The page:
Integrity Legal

Posts Tagged ‘HIV ban’

31st October 2009

As reported previously on this blog, HIV is to be taken off of the list of communicable diseases which can cause an Immigrant to be deemed inadmissible to the United States of America. At the time of this writing, anyone who has HIV (Human Immunodeficiency Virus) is not admissible to the United States. This means that those infected with the virus must obtain an I-601 waiver of inadmissibility before they will be allowed to enter the United States. Under the new rule, this will no longer be the case.

To quote a document, provided courtesy of AILA, promulgated by the Department of Health and Human Services:

As a result of this final rule, aliens will no longer be inadmissible into the United States based solely on the ground they are infected with HIV, and they will not be required to undergo HIV testing as part of the required medical examination for U.S. immigration.

As a result of this rule change, it is highly likely that Embassy mandated medical examinations will be greatly altered as it will no longer be necessary for the Embassy-approved doctors (sometimes referred to as civil surgeons) to test prospective immigrants for HIV.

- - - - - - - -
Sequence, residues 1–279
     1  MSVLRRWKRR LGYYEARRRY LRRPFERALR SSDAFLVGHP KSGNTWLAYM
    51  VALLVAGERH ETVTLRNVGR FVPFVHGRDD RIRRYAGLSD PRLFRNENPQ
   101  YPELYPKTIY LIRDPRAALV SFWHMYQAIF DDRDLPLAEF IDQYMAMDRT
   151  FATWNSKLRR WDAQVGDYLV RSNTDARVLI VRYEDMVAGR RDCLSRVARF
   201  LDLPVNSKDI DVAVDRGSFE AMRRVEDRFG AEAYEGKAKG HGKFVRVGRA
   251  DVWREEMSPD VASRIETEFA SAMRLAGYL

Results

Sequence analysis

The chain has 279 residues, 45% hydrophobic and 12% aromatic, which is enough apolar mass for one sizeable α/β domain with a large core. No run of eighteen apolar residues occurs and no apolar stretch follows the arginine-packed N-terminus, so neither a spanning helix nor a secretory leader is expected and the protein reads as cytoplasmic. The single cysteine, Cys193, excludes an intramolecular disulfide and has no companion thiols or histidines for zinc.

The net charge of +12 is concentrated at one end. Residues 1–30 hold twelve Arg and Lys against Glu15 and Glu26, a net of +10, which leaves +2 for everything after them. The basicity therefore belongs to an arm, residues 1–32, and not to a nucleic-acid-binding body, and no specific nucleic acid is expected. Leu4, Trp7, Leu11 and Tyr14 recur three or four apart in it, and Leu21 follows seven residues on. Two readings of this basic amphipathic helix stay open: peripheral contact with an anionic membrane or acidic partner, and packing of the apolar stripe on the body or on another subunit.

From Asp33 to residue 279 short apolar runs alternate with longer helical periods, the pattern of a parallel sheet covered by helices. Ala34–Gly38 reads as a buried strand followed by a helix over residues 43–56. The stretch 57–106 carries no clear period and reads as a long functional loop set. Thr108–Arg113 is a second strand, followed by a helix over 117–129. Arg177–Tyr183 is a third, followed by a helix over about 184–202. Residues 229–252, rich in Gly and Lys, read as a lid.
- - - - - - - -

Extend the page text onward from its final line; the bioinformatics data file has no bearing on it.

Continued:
This rule change reflects the new policy of the United States government regarding HIV. Basically the Center for Disease Control and the authorities at the Department of Homeland Security no longer consider HIV a “communicable” disease as defined in the relevant provisions of  Immigration and Nationality Act. To further quote the aforementioned document:

While HIV infection is a serious health condition, it is not a communicable disease that is a significant public health risk for introduction, transmission, and spread to the U.S. population through casual contact.

Please note that this rule has not taken effect and until it does HIV is still considered a communicable disease in cases involving inadmissibility.

Although many laud the promulgation of this rule, there are those, particularly in the LGBT community who feel that the current Administration is not doing enough to provide immigration benefits to same sex couples. Many view this rule change as a “half measure” designed to placate advocates for gay rights as HIV has a major impact upon the gay and lesbian community.

Although this rule change will effect those with HIV who wish to enter the USA, it does not effect same-sex bi-national couples who cannot obtain US Immigration benefits for a foreign partner based upon the current federal laws which do not recognize same-sex marriage. There are many who feel that the rescission of this rule regarding HIV infected immigrants falls short of full immigration equality for all.

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